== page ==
FringeReview Scotland 2013
Star has arrived in Scotland with Mama into a faceless housing scheme full of terrors and fears that scares her until the scheme takes them to its bosom but it is unable to protect them from the authorities who deny them safety but provide a dawn raid instead.
The story is complex with some very interesting layers. Firstly we meet Sarah Jane and Billy, inhabitants of the tower block in which asylum seekers are being kept. Billy appears a decent sort, left behind in a tower that was once filled with excitement and promise. Sarah-Jane represents some of the reasons as to why that promise left; she is a foul mouthed, vulnerable and mouthy mother who would be “well known” to all, including the authorities. She is better known to others than her children that have been taken into care. Between them come Star and Mama. Star is a young 10 year old dreamer who tells the story of a mother albatross whilst alone in her bedroom. Initially she befriends Billy and then imagines Dog Man to help her through each episode in her life. It includes the visit of a well meaning social worker, Janice. Janice begins like a newby before she grows into the type of support that both Mama and Star need to settle but not to be granted permission to settle. Similarly Sarah-Jane becomes a good neighbour and friend to Mama and Star, helping Mama to become more fluent in English. But before we become too comfortable the persistent arrival of letters from the Home Office foretell an eventual visit that was planned but not welcome. Mama and Star leave but not by choice.
This was a multi layered piece that had been a very well received rehearsed reading some time ago. In its structure, playwrite AJ Taudevin took the poetry of another language and culture and sat it square in the middle of a cluttered and seemingly uncultured high rise in Scotland that underlined how beautiful the simple story told was. It mattered not that I had no idea what language was spoken by Mama and Star but the beauty of its tones and the lyrical way it was used cut through the harsh reality of Sarah-Jane’s industrial vocabulary. The narrative structure was strong in all ways bar one. I was unsure and remain so regarding Dog Man. I understood the need for someone with whom Star could speak and an imaginary friend seemed perfect but having it doubled with Billy, did not, for me work. At first I could imagine that having been befriended by Billy, Star was likely to develop an imaginary guardian in his image but the image of an older man looking in upon a young girl’s bedroom was always likely to be a disturbing one.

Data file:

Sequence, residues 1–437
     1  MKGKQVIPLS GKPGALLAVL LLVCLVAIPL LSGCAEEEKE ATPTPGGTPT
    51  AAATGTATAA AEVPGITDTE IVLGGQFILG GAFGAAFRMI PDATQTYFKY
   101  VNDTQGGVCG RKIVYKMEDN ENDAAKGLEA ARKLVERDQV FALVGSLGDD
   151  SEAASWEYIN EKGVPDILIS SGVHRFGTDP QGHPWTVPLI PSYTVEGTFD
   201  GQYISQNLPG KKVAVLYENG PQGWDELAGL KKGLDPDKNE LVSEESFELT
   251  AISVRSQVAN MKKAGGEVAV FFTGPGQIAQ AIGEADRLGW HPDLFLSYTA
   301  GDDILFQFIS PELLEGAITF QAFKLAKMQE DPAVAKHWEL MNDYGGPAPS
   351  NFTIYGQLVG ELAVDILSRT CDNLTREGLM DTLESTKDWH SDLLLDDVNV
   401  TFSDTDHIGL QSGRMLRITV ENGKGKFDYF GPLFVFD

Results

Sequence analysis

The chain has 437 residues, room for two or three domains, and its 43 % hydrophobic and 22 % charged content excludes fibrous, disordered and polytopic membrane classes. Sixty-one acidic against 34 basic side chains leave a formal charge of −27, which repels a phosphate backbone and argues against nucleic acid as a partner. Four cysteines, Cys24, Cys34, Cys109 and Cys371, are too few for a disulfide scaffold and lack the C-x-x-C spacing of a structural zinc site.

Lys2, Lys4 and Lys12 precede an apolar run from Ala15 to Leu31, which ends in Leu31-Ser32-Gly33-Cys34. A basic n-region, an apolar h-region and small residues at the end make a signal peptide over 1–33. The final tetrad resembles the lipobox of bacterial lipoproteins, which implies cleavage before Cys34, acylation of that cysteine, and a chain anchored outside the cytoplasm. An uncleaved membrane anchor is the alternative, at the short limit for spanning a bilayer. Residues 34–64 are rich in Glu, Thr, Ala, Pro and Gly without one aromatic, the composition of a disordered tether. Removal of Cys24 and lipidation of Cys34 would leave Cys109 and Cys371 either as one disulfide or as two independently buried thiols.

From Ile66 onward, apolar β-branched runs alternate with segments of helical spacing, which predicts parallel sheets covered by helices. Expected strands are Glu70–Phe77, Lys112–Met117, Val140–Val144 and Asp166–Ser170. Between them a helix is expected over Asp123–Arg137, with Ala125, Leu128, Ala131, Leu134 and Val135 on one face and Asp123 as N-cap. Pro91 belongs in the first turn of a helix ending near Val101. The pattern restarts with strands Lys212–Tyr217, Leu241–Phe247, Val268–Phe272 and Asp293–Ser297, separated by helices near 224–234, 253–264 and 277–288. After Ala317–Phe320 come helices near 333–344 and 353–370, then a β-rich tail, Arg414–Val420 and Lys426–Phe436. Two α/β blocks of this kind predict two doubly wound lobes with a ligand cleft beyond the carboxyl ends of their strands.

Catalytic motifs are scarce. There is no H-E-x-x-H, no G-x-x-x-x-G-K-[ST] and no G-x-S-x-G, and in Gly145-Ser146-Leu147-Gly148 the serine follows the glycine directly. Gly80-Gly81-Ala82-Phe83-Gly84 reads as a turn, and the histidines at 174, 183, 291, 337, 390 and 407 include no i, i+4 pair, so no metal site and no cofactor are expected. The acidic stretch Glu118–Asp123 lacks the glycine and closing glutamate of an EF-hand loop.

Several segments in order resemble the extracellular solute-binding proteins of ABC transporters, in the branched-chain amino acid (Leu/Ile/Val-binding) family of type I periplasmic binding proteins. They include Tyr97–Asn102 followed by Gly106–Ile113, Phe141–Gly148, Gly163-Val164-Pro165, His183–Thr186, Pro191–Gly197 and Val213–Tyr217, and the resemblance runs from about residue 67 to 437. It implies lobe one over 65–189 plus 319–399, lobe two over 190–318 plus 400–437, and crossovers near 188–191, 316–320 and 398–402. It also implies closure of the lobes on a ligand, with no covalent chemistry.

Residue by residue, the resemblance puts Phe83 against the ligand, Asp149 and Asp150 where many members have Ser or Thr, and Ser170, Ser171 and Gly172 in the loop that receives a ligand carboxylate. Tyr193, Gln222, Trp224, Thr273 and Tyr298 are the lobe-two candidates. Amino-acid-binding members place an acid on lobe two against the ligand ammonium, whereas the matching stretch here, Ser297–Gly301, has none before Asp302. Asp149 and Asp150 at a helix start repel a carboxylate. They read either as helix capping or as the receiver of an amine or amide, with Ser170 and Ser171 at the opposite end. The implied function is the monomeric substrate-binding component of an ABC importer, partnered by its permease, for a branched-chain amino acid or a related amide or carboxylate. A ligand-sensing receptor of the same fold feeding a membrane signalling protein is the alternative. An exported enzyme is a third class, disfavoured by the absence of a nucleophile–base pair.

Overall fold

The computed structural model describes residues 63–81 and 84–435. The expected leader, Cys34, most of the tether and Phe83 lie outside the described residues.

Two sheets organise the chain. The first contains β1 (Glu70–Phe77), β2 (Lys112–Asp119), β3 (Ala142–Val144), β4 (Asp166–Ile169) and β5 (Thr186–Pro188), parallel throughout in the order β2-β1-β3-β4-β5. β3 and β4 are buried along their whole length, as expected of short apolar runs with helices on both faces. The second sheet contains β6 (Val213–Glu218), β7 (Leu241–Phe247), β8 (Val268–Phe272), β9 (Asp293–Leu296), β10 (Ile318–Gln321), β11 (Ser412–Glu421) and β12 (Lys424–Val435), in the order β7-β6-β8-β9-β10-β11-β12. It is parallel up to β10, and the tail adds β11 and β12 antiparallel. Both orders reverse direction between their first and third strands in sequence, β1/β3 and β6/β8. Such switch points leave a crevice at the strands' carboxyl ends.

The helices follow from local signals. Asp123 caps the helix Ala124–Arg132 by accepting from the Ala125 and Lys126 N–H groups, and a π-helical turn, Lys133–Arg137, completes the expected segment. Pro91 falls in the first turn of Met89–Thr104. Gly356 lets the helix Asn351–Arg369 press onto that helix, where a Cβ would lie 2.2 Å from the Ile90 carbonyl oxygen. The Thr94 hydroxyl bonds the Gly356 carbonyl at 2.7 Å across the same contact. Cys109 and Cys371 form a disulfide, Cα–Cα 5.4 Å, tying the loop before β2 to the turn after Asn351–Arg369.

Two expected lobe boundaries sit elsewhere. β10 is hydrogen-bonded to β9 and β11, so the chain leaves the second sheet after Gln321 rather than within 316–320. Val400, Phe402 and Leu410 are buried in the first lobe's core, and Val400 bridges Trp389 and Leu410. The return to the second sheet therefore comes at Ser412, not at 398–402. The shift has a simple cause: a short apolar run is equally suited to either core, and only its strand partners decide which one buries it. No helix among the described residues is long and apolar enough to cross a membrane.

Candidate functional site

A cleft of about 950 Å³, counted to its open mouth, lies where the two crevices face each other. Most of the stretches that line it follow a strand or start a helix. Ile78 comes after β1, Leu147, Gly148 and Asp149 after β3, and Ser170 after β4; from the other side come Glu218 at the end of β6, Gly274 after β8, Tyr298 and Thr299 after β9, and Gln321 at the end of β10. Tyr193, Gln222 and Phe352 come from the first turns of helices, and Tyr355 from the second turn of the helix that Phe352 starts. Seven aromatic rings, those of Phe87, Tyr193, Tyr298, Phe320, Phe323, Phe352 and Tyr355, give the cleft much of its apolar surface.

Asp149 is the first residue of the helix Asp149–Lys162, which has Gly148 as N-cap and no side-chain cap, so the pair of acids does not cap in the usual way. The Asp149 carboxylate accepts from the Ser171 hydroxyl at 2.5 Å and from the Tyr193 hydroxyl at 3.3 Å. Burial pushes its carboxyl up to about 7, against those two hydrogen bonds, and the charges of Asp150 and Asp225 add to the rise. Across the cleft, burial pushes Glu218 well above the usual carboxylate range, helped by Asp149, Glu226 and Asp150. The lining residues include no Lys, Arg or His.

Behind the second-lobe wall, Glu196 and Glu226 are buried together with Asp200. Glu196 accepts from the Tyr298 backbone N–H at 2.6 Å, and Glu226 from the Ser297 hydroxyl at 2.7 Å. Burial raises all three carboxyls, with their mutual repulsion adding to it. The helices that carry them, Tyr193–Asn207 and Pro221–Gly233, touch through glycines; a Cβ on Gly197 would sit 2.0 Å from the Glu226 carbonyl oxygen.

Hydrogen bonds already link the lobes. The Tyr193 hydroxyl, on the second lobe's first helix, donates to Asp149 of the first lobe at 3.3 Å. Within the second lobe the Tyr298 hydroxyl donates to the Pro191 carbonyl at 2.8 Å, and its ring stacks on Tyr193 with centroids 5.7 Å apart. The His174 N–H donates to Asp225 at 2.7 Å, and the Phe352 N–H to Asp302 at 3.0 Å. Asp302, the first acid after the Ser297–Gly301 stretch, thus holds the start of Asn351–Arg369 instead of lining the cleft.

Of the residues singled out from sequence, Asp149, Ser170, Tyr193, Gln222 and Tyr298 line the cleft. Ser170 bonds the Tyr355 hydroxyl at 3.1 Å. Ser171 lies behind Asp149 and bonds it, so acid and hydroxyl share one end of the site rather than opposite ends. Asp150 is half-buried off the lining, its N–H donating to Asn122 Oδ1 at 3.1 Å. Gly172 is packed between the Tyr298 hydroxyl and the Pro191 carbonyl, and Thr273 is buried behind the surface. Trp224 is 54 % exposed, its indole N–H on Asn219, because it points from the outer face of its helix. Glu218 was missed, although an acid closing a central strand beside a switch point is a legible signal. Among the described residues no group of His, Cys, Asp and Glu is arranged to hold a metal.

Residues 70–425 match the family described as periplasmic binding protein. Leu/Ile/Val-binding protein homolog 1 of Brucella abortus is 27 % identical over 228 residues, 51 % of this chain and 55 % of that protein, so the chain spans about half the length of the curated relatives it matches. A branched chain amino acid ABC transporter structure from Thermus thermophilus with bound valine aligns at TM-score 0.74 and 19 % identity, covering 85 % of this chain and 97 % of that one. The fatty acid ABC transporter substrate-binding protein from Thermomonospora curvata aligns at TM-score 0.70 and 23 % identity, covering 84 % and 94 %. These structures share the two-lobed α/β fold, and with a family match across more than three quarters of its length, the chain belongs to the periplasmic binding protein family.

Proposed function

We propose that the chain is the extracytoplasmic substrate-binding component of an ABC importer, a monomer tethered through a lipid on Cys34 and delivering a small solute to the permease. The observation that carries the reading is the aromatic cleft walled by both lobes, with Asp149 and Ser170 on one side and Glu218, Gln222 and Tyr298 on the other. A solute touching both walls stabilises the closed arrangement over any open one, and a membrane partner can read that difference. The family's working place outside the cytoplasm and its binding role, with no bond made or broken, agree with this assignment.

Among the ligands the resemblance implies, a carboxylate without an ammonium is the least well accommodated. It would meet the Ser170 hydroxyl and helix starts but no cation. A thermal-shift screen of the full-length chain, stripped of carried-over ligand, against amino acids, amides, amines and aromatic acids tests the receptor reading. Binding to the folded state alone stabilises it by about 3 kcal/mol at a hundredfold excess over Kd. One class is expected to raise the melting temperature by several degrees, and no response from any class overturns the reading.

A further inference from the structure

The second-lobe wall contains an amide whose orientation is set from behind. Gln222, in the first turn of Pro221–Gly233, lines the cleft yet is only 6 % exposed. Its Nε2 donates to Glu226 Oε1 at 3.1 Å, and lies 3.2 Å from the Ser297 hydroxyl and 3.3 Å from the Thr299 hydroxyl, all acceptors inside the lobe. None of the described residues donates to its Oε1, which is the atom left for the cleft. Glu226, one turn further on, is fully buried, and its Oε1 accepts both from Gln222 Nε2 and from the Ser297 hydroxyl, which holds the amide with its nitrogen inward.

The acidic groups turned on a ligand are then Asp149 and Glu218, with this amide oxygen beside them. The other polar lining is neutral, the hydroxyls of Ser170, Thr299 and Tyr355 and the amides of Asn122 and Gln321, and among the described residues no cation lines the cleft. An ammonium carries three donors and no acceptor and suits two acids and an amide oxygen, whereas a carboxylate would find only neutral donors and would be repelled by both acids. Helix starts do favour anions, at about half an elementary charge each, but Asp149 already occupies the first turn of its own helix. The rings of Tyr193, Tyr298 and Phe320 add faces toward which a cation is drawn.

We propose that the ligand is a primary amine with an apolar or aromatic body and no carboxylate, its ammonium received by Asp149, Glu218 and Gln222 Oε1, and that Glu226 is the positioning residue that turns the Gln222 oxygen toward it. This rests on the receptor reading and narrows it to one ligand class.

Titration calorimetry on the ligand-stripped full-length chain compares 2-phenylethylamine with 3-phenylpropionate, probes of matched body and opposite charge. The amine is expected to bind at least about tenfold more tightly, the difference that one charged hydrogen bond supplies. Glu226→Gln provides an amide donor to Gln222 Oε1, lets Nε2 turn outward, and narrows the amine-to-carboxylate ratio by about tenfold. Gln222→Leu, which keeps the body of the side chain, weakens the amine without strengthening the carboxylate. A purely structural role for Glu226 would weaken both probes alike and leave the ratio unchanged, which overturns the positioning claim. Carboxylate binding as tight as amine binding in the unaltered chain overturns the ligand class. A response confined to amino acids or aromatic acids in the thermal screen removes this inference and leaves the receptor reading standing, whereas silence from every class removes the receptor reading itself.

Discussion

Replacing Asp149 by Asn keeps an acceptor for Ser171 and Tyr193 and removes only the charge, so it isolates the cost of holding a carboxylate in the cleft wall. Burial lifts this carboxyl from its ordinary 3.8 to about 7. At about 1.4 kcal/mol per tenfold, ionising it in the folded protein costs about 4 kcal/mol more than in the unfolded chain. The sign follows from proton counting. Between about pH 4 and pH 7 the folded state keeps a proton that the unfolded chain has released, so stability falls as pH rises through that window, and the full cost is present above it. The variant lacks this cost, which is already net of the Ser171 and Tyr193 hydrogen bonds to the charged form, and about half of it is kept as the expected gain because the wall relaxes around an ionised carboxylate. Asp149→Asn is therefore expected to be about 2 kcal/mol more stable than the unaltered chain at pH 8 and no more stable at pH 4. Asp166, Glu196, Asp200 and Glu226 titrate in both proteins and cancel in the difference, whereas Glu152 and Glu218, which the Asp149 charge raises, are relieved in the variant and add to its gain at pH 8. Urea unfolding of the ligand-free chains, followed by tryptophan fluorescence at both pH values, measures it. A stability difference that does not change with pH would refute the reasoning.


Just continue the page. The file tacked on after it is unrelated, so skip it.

This was however a wonderful cast to watch. Both Shvorne Marks and Joy Elias-Rilwan were spell binding, never less than enthralling and avoided the cliché ridden performances that playing “types” could have given us. Mama could be forthright and rude as well as welcoming and pleasant when demanded. Star was just a joy. They were however backed up by two fantastic performances from Billy Mack and Pauline Knowles. Both doubled and were exceptional. Though I may have had my doubts about the Dog Man, Billy Mack was never less than convincing in either role whilst Pauline Knowles had two extremes delivered with consummate subtlety that made both Sarah-Jane and Janice deliver convincingly; I just wish that Billy Mack had got a costume change as a help like Pauline.
The stage was a run down high rise flat. The use of one of the walls being transparent to allow Dog Man to use it as an entrance when he became bolder or more real was largely effective. It underlined the fallacy of many who believe that refugees live in re modelled penthouses with white goods coming out their ears. As a production it was of a high standard within Refugee Week where we can expect the worthy and hope for the competent; here was a piece of polemical theatre that was narrative driven but nevertheless highly effective in giving insight top the issues that were the cornerstone of Refugee Week.
Issue based drama can come with a health warning: it will challenge but not always as a piece of professionally produced theatre but as an angst ridden piece of agitprop many years past its sell by date. It tends to make a political rather than a creative mark. Here we had a piece with a full and highly appreciative house that shows why theatre of this kind is vital. It tells a story, sure but also shines a light on the plight of those without a strong enough voice; though Janice would frighten any sheriff officer away from any door!
I found this a highly effective piece of theatre that has lived long in my memory. Judging by the people around me there were plenty there that were already convinced of the politics whilst also supportive of the cause of using theatre as a political medium. That notwithstanding it deserves a bigger audience and whilst the Tron was full I am sure there was enough promise in here that a co production with a larger organisation would do no harm…
I left with the sense of having seen a highly effective piece of theatre that was both entertaining and thought provoking. The obvious issue for me was in the role played by Billy Mack being two people. I don’t think it worked, particularly as the clothes were exactly the same. Having said though, I was mightily impressed by writer AJ Taudevin and will be looking out for her work in the future.